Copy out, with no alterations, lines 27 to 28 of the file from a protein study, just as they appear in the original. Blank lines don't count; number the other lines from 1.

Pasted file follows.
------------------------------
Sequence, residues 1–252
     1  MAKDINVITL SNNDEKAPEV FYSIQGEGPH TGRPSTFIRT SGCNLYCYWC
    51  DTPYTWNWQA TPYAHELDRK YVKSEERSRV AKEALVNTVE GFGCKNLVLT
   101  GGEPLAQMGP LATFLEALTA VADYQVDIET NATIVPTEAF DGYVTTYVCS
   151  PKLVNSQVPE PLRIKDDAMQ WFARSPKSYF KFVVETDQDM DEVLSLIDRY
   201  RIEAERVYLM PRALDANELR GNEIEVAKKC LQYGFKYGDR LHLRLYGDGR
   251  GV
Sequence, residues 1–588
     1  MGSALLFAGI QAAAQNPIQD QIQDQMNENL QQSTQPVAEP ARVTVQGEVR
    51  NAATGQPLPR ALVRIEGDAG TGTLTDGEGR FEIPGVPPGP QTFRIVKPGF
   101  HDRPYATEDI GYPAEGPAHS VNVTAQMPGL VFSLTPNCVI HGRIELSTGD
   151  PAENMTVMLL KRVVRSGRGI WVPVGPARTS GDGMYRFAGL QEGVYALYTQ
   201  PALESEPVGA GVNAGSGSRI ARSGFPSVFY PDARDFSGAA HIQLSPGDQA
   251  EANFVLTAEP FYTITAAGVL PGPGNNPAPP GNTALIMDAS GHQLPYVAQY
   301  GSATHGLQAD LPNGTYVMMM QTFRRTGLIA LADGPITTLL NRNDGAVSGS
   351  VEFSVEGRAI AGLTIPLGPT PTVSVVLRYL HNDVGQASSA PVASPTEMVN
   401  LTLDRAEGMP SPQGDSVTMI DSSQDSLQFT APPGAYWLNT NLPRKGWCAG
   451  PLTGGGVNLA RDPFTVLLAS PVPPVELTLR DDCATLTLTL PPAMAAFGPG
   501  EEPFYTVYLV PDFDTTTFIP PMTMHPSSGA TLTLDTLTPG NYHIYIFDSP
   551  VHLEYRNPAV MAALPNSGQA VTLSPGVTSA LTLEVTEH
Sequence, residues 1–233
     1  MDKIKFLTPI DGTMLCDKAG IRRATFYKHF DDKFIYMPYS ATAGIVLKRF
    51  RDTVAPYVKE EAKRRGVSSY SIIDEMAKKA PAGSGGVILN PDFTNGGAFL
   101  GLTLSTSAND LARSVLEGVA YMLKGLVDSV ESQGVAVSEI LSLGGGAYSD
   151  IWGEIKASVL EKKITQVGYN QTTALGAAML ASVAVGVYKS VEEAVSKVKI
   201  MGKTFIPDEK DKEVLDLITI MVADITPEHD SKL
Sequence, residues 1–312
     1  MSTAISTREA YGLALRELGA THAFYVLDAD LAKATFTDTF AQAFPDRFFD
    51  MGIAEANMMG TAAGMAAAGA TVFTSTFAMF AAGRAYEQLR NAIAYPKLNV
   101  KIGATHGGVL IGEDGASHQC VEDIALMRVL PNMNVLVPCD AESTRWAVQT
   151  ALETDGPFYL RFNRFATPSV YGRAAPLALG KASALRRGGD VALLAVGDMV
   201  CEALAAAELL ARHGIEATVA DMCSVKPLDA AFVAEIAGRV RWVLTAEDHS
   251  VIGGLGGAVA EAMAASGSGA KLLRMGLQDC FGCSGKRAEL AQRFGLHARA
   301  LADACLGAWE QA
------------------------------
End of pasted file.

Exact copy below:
Sequence, residues 1–312
     1  MSTAISTREA YGLALRELGA THAFYVLDAD LAKATFTDTF AQAFPDRFFD